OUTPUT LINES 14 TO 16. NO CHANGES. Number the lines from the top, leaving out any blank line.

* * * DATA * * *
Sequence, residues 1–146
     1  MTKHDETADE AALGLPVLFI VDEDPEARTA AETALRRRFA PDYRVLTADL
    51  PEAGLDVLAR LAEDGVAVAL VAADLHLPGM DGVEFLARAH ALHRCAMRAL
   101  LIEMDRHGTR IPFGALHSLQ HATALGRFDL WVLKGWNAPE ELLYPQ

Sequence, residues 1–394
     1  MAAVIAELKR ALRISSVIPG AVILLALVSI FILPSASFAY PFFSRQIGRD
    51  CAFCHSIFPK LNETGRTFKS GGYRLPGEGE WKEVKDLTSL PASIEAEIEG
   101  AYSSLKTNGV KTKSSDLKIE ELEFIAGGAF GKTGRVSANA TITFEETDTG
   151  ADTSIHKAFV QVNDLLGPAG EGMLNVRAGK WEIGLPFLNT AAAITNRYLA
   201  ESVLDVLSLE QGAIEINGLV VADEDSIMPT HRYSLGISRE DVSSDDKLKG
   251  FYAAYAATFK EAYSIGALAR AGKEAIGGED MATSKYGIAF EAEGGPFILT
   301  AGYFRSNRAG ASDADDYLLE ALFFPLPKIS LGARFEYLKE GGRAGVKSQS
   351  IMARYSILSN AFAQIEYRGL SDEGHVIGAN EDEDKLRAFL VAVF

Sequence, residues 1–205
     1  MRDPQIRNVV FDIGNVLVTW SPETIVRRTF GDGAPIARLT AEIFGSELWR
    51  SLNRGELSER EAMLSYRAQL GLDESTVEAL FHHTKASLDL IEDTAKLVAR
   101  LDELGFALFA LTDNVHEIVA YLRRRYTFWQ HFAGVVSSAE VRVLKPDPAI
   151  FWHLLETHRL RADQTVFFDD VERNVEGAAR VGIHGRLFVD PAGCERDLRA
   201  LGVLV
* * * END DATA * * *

Sequence, residues 1–205
     1  MRDPQIRNVV FDIGNVLVTW SPETIVRRTF GDGAPIARLT AEIFGSELWR
    51  SLNRGELSER EAMLSYRAQL GLDESTVEAL FHHTKASLDL IEDTAKLVAR